I got around to watching the pseudo-documentary S&Man (Sandman, not S&M Man, by the way). This is a really weird film, and I liked it a lot for blurring the lines between actual documentary and low budget horror.
About half of the film is an actual documentary where the filmmaker speaks to people in the underground horror film scene. He interviews people like Bill Zebub and Debbie D, as well as doctors and a PhD. The main point is that horror films are basically a form of voyeurism. They discuss how horror has come to change over the years, and they spend a lot of time talking with the makers of these underground films, which are basically just cheaply shot shock flicks with plenty of nudity and gore and very little script.
The other half of the film, woven into the documentary, is the filmmaker’s encounters with Eric, one of the underground movie makers who produces films that at first seem similar to all the other cheap flicks, but it eventually becomes apparent that Eric isn’t filming actors. He’s really a stalker who kills women on film and sells it as underground horror. The film never makes that 100% explicit, nor do the filmmakers find any hard evidence or go to the police. There isn’t even a stinger line after the film ends saying what happened to Eric.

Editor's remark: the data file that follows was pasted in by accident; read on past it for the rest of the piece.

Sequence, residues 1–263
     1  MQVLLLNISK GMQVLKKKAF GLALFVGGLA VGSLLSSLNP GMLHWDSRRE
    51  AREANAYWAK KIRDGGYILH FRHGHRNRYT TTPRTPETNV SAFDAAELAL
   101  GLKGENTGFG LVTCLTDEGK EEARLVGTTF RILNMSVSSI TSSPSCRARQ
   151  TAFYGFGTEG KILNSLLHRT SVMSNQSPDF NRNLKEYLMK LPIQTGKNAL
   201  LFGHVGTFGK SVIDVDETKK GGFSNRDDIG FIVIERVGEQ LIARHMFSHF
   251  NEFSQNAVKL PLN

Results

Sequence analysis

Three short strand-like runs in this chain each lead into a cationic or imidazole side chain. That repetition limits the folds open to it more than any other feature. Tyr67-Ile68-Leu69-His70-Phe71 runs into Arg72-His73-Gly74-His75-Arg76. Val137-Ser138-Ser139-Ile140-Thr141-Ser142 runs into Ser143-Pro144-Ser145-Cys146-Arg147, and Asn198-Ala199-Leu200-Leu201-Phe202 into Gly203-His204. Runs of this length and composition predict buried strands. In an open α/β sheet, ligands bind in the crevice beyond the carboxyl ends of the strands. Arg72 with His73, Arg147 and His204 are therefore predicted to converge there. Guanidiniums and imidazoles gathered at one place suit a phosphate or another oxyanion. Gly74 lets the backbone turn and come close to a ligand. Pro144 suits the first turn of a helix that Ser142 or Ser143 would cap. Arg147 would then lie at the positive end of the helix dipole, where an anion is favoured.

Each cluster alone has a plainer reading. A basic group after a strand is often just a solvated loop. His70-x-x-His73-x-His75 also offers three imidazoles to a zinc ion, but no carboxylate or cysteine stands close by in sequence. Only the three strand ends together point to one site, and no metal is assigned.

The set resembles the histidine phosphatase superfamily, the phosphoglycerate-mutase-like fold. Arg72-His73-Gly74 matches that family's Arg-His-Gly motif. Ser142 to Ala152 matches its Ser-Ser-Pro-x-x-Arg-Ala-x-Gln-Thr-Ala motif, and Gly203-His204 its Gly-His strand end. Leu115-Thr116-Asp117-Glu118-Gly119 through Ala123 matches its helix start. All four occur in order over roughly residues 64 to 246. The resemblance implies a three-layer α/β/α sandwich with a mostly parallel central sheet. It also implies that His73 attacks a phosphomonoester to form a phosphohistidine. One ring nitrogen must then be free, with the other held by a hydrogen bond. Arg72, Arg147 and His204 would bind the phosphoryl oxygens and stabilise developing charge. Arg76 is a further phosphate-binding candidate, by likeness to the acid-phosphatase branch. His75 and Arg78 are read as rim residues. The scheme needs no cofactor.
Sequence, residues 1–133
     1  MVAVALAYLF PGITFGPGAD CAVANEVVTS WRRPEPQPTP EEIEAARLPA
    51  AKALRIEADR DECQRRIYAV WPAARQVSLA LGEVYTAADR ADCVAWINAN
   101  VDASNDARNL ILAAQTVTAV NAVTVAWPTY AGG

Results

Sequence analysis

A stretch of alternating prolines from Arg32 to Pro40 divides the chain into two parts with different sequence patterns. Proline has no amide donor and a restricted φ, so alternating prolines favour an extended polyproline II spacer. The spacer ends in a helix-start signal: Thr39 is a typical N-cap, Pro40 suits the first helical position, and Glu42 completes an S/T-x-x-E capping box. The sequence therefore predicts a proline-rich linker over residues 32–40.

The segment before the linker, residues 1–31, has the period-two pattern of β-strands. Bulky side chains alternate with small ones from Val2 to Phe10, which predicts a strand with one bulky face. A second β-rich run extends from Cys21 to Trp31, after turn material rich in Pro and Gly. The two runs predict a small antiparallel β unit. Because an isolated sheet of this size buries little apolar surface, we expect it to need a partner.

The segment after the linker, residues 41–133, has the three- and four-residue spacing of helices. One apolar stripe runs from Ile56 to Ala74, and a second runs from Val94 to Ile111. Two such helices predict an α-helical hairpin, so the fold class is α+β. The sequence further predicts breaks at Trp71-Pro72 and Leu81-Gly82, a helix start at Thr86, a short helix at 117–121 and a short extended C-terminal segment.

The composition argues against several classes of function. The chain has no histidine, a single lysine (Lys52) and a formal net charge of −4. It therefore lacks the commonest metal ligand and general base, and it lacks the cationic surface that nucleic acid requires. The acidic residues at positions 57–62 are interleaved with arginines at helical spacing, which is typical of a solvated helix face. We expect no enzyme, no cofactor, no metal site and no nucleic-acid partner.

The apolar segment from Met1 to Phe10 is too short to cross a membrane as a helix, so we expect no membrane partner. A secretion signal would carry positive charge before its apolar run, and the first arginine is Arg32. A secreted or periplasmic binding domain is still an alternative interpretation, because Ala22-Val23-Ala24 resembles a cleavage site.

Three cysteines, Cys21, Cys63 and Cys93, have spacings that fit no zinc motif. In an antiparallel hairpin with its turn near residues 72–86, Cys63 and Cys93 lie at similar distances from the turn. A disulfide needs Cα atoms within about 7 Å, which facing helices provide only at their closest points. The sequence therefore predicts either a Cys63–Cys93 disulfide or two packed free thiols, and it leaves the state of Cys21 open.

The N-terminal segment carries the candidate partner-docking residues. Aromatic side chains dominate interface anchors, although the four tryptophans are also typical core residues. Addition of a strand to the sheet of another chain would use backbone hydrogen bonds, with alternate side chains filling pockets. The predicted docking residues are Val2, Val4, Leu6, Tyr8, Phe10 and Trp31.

The movie is pretty good from the documentary side; everything they talk about really hits home in how horror has gone from something you watch as an outsider to today’s films that try to bring you into the horror itself. The S&Man stuff really makes you wonder if what you are watching is real, and where does the line exist anymore?
This isn’t a scary movie, really. It’ll make you think, and that’s not a bad thing.